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Stacey Chillemi

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Newsletter Dated: 8/20/2006 6:10:28 PM

Subject: Inspirational Living

What kind of decision-maker are you?
Kathleen Richardson

Decide to be indecisive

One way of making a decision is to not make a decision at all. Behind this reasoning is the justification that you are putting lots of time and thought into the matter, considering pros and cons, day after day, week after week, and even year after year.

If you put a decision off long enough, it may eventually be taken out of your hands. You may feel an uneasy sense of relief at having the responsibility removed. Or you may be stunned by the ultimate outcome: surely all the time you spent considering the matter should have made a difference; all’s well that ends well. But, then, all does not always end well.

Consider the lengthy, in-depth cogitation you devote to your employment. It may be that you love where you work but are not sure this is the career field for you. Your supervisor is likeable but unmotivated and maybe holding you back from greater success. You get along with all your co-workers except for that one particular person who is driving everyone crazy. You do not mind the long drive, but you hate spending the money on gasoline. Anyway, you stay in this job, doing occasional online job searches.

Then, layoffs begin and you have kind of gotten your wish. You are out of the career field – at least for the time being. No more uninspiring supervisor. No more unpleasant co-worker. No more long drive. No more paycheck.

This type of decision-maker will never lack for material for cogitation.

Backpedaling

Congratulations, you are able to make decisions after brief, careful review. Several days or weeks later, however, the matter is still on your mind and you decide to take another look. New facts, new directions of thought, affect your original determination and it no longer appears sensible. Maybe that first choice was not the best one and it is not too late to change your mind.

An example that comes to mind is health. A month after a bout with the flu, you’re still not feeling like your old self. As a matter of fact, you have cut your former 2-mile daily walks to one mile and even that little bit is tiring. Occasionally you feel a tightening around your chest. It only last a minute or two. You probably should have taken more time to recover from the flu. It cannot be your heart. You are too young and you take such good care of yourself.

Finally you decide to schedule a physical checkup. The appointment is in two weeks. A week after you call the doctor’s office, you are feeling pretty darn good and even walking two miles daily again. You cancel the appointment.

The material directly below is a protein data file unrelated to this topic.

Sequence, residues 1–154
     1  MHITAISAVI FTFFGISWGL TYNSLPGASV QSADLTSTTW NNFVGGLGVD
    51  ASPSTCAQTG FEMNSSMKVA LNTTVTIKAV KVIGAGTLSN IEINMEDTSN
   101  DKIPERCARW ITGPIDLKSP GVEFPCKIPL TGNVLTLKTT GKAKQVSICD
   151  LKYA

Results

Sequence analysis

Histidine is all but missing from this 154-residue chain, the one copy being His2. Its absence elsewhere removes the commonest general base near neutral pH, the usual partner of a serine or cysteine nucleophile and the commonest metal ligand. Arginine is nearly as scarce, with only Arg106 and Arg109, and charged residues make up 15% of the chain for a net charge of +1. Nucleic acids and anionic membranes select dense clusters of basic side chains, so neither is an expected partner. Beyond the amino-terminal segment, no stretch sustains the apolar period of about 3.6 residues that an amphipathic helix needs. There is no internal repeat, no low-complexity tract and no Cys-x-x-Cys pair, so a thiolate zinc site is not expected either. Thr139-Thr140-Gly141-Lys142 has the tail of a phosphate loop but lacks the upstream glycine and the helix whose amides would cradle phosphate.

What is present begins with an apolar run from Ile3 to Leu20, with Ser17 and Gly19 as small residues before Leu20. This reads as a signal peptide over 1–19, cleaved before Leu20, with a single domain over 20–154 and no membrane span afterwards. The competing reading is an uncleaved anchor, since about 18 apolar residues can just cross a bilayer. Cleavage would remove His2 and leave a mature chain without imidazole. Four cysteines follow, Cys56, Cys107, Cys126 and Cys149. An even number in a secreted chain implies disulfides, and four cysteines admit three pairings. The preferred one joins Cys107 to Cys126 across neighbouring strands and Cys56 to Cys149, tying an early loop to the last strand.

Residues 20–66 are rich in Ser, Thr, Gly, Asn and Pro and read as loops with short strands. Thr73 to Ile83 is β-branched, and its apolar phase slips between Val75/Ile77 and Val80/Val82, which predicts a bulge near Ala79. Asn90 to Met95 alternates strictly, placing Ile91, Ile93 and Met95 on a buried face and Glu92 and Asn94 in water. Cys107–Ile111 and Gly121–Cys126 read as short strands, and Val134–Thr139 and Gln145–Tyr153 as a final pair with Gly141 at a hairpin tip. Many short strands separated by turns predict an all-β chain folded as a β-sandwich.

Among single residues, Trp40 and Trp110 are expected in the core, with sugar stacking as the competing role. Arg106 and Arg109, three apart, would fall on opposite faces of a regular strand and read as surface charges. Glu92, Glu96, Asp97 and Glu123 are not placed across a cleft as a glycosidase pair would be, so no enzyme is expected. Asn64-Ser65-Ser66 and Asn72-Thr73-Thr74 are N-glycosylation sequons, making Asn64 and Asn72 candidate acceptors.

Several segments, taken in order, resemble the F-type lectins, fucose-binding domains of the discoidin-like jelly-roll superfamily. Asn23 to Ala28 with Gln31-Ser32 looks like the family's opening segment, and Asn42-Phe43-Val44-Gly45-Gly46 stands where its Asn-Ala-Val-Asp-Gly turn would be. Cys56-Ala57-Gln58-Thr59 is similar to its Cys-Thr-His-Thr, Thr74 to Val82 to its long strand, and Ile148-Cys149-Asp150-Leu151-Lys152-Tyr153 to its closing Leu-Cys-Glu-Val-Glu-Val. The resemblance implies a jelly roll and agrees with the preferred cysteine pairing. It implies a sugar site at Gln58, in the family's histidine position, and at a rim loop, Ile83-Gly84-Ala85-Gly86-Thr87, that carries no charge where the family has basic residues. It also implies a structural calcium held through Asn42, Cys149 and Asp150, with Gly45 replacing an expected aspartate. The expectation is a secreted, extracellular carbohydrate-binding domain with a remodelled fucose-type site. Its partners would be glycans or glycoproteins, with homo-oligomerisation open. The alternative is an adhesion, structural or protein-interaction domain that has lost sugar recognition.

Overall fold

A month later, the twinge is back along with a slight shortness of breath during your walks. You schedule another appointment.

This type of decision-making can continue ad infinitum, or until something happens to break the cycle.


Odds-on favorite

Quick thoughtful decisions occur when


*You become aware of an unsettling situation
*You quickly think through the pros and cons, deciding the best first direction to take
*You take steps to implement that decision, knowing that once you have carried through you can decide on next steps if they are called for
*You let go of concerns or worry.


Again using health as an example, you have become aware of a mole on your back. The mole is changing shape and color. You are also aware this can be an indicator of skin cancer. Instead of going into depression over what might be, you call the dermatologist and arrange the earliest possible appointment. You make a deliberate decision to save any potential worrying until after that appointment.

Examine your style

These are only three types of decision-makers. You may have another approach. Are you comfortable with how you make and implement decisions? Is your method serving you well?

Or is your anxiety level constantly on high? If so, you might want to consider a new way of making decisions. Talk with supportive family and friends about your decision-making style. If you have observed others who are at peace with the decisions they make, ask them how they do it. Be willing to listen and then experiment until you find the method that works best for you."


About the Author
Kathleen Richardson is a graduate of the Coachville Graduate School of Coaching. She established Life Coaching On Your Way To The Top in 2001 and in 2005 she branched out as a Volunteer Management Coach where she uses 20 years of experience to help non-profits attract volunteers. Her monthly column, It’s Your Life, is featured in the Elmira NY Star-Gazette’s Health & Fitness magazine. Kathleen Richardson may be contacted at http://www.onyourwaytothetop.com. Click here to view more articles by Kathleen Richardson.


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